As Kenya's economy grapples with challenges, banks are actively seeking out new avenues for growth.
Their focus has now shifted towards the region, as they aim to take advantage of regional trade agreements and explore fresh opportunities amidst the declining prospects at home.
Banks such as Equity, KCB Group, Ecobank, and the United Bank of Africa (UBA) are now seeking to take advantage of the opportunities presented by Kenyan traders.
This comes at a time when manufacturers and traders are strategically positioning themselves to fully benefit from the new Africa-wide trade pact that has recently been implemented.
As trade and integration continue to improve, the East African region has emerged as one of the most rapidly expanding economic blocs in Africa.
The Kenya Association of Manufacturers (KAM) recently formed a partnership with the Africa Export-Import Bank (Afreximbank) through a memorandum of understanding.
This partnership is expected to support the local manufacturing sector. Projections indicate that this agreement has the potential to boost intra-African trade across all subregions, effectively creating a single market of 1.2 billion people with a combined GDP of over $3.4 trillion (Sh513 trillion).
This agreement is the largest of its kind since the establishment of the World Trade Organisation. To their credit, the diversification strategies implemented by Kenyan lenders are already yielding positive results.
For example, Equity Bank reported that its subsidiaries accounted for half of the bank’s profits during the nine months ending September 2023.
These subsidiaries, operating in Uganda, Tanzania, Rwanda, South Sudan, and the Democratic Republic of Congo, contributed 54 per cent to the bank’s profits during this period.
In an effort to mitigate the impact of the economic slowdown in Kenya, the bank has been actively expanding into foreign markets in recent years.
In addition to increasing transaction incomes, Equity Bank has also relied on its subsidiaries to reduce its dependence on the Kenyan market.
Equity Group Chief Executive James Mwangi said the lender plans to further expand its loan portfolios outside of Kenya and increase the subsidiaries’ share of profits. “We have increased the subsidiaries’ contribution to profitability,” said Mwangi.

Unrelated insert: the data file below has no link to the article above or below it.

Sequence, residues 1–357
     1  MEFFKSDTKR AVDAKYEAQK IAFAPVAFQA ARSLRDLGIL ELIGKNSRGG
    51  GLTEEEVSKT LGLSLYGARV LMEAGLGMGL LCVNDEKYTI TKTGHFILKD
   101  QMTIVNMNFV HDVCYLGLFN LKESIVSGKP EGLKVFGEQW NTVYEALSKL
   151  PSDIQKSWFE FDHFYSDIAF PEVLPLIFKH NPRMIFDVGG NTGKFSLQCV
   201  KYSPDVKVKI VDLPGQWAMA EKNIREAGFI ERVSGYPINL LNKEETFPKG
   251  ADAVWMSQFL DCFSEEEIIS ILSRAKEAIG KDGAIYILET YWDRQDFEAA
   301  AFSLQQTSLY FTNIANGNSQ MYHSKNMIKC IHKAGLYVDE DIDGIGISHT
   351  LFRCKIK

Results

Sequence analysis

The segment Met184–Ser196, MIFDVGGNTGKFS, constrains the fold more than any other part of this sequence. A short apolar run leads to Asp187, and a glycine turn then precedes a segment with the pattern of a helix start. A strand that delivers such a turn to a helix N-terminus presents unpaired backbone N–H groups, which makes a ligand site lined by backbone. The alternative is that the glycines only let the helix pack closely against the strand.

Similarly, KCB, like other banks in the region, now recognises that its growth, which was previously driven by the Kenyan market, hinges on establishing itself as a prominent player in the broader region.
KCB Group CEO Paul Russo said the lender’s subsidiaries outside Kenya recorded a threefold surge in total assets and net profits during the third quarter. “While we continue to operate in a tough operating environment, our subsidiaries have shown great resilience,” he said. Mr Russo said the net profits generated from these regional enterprises also experienced a threefold increase to hit Sh12 billion.
“With a solid and well-diversified balance sheet, we are on track to meet our full-year ambitions going by the improved performance in the third quarter, supported by resilient business segments and subsidiaries,” he said.
In addition to its domestic operations in Kenya, KCB operates subsidiaries in DRC, Uganda, Rwanda, Burundi, South Sudan, and Tanzania.
Russo attributed this growth to the doubling of profits from Tanzania and Uganda, along with the inclusion of TMB, which further contributed to the significant rise in earnings.
UBA also recently announced its intentions to expand its lending operations in Kenya, following receipt of a trade finance facility worth $150 million (Sh22.6 billion) from Afreximbank.
In a statement, UBA said it will utilise the funds to prioritise lending to small and medium-sized enterprises (SMEs).
UBA Group Chief Executive Oliver Alawuba said the facility will enhance its effort to promote intra-African trade.